Somebody left a prayer request on our intercessions board recently which included the words “Journalism is not a job: it is a mission.” Those words so well describe Richard Beeston, the fearless and indefatigable foreign correspondent for the Times whose life we celebrate today.
Richard began his career in journalism after school, and he was soon overseas working for the Financial Mail in Johannesburg, and then for The Daily Star in Beirut. Having built his reputation he joined the Times, and reported on many of the conflicts and upheavals of the past twenty years, including Chechnya, Iraq, Lebanon and most recently Syria.
Richard was a journalist who walked in the footsteps of legendary correspondents, especially his hero William Howard Russell, the Times correspondent who reported from the Crimea. He was a man with a mission, an old fashioned adventurer whose career was cruelly cut short by cancer, which he fought courageously to the end, lovingly supported by Natasha.
We remember today a great foreign editor but above all a truly wonderful human being, and in heartfelt thanksgiving we commend him to the love of Almighty God.
Sam Kiley read Matthew 5: 1-10
5 And seeing the multitudes, he went up into a mountain: and when he was set, his disciples came unto him:
2 And he opened his mouth, and taught them, saying,
3 Blessed are the poor in spirit: for theirs is the kingdom of heaven.
4 Blessed are they that mourn: for they shall be comforted.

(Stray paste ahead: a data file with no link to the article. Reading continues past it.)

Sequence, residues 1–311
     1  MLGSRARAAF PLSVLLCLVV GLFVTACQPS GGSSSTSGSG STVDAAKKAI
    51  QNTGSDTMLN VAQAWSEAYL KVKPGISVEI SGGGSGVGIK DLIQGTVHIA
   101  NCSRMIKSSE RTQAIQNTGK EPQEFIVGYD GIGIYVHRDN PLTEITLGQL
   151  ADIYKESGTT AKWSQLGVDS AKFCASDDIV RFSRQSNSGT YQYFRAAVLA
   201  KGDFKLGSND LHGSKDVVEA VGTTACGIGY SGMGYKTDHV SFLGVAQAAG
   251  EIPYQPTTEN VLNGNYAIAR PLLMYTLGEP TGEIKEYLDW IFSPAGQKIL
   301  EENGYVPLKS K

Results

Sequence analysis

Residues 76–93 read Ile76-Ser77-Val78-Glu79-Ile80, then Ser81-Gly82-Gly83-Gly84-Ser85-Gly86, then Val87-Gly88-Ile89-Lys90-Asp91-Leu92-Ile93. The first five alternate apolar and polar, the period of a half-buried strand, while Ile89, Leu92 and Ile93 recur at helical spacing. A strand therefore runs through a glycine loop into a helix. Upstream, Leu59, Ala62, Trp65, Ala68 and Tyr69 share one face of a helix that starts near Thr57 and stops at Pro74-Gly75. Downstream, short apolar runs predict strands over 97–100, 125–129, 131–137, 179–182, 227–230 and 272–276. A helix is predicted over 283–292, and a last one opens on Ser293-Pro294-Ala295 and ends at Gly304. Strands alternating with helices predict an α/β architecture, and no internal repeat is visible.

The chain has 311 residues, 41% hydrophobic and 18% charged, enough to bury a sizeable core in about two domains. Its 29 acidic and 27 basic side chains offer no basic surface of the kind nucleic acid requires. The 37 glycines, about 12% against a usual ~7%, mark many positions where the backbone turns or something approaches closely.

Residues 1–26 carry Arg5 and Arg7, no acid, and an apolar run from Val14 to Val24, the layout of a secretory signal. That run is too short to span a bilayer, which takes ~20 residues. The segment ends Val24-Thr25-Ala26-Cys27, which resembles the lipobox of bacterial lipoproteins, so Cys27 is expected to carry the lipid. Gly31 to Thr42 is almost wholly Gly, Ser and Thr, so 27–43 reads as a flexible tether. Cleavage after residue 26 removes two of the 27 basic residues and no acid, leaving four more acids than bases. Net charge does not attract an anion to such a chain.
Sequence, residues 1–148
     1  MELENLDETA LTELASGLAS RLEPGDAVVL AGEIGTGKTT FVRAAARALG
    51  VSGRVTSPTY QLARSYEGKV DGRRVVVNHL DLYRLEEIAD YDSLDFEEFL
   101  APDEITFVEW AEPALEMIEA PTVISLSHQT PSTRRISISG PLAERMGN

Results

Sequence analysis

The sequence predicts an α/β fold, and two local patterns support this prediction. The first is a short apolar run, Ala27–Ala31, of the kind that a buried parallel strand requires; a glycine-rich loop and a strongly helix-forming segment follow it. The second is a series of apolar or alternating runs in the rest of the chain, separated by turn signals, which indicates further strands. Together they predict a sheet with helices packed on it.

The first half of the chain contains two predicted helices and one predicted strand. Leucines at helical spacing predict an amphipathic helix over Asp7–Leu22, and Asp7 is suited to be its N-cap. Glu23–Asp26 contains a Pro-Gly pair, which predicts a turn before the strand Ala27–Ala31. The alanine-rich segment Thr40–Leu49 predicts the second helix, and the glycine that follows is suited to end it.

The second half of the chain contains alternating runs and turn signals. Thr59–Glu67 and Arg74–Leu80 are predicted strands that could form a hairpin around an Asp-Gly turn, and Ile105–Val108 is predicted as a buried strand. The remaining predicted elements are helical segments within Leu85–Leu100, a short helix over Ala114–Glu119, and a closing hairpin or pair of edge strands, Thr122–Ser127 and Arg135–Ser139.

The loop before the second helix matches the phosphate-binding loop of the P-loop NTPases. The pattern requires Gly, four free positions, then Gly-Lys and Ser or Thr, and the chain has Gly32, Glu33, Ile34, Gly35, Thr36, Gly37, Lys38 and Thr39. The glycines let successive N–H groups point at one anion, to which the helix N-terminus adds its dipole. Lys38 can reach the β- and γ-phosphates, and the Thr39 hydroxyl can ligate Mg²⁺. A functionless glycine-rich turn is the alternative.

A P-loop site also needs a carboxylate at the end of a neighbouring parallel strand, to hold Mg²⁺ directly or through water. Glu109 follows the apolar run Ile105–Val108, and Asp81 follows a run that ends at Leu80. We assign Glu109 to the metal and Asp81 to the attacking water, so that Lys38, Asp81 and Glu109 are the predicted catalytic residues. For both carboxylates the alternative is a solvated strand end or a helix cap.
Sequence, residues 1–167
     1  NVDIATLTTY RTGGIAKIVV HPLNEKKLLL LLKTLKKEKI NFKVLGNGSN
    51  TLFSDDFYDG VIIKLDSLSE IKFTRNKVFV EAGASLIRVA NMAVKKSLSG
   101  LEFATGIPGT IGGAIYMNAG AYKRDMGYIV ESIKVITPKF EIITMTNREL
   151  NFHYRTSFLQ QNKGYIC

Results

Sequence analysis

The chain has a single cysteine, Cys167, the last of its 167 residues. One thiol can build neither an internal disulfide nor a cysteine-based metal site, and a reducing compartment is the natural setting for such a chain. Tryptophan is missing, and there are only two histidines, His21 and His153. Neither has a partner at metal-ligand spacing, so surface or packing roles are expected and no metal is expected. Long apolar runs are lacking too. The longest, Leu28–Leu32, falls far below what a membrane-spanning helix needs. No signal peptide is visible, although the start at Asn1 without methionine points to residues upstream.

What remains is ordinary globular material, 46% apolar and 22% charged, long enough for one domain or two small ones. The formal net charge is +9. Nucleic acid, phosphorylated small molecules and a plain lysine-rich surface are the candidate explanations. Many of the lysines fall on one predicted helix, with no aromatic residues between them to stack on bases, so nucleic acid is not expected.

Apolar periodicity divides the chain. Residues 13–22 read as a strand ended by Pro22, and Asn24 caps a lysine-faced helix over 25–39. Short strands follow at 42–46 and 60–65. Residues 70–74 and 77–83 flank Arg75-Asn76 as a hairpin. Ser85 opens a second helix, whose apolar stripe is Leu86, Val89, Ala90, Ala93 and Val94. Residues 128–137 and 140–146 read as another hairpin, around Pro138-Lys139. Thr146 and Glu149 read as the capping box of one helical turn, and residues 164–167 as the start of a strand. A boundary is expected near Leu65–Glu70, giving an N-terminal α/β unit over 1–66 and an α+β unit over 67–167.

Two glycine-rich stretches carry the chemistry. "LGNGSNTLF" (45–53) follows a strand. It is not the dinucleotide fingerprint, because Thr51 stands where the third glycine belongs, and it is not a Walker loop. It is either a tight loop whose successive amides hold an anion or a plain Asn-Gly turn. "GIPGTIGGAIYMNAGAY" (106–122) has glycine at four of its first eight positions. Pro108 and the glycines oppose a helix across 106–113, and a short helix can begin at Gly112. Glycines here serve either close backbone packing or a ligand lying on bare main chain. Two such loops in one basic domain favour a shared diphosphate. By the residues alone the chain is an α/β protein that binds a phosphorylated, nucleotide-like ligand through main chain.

5 Blessed are the meek: for they shall inherit the earth.
6 Blessed are they which do hunger and thirst after righteousness: for they shall be filled.
7 Blessed are the merciful: for they shall obtain mercy.
8 Blessed are the pure in heart: for they shall see God.
9 Blessed are the peacemakers: for they shall be called the children of God.
10 Blessed are they which are persecuted for righteousness’ sake: for theirs is the kingdom of heaven.
Georgia Beeston read from The Noble Nature by Ben Johnson
IT is not growing like a tree
In bulk, doth make Man better be;
Or standing long an oak, three hundred year,
To fall a log at last, dry, bald, and sere:
A lily of a day
Is fairer far in May,
Although it fall and die that night—
It was the plant and flower of Light
In small proportions we just beauties see;
And in short measures life may perfect be.
Dan Green read from King Solomon’s Mines by H Rider Haggard
Yet man dies not whilst the world, at once his mother and his monument, remains. His name is lost, indeed, but the breath he breathed still stirs the pine-tops on the mountains, the sound of the words he spoke yet echoes on through space; the thoughts his brain gave birth to we have inherited to-day; his passions are our cause of life; the joys and sorrows that he knew are our familiar friends – the end from which he fled aghast will surely overtake us also! Truly the universe is full of ghosts, not sheeted churchyard spectres, but the inextinguishable elements of individual life, which having once been, can never die, though they blend and change, and change again for ever.
John Witherow read from The Mother Of All Battles by Richard Beeston
The choir & organist of St Bride’s performed the following anthems and songs: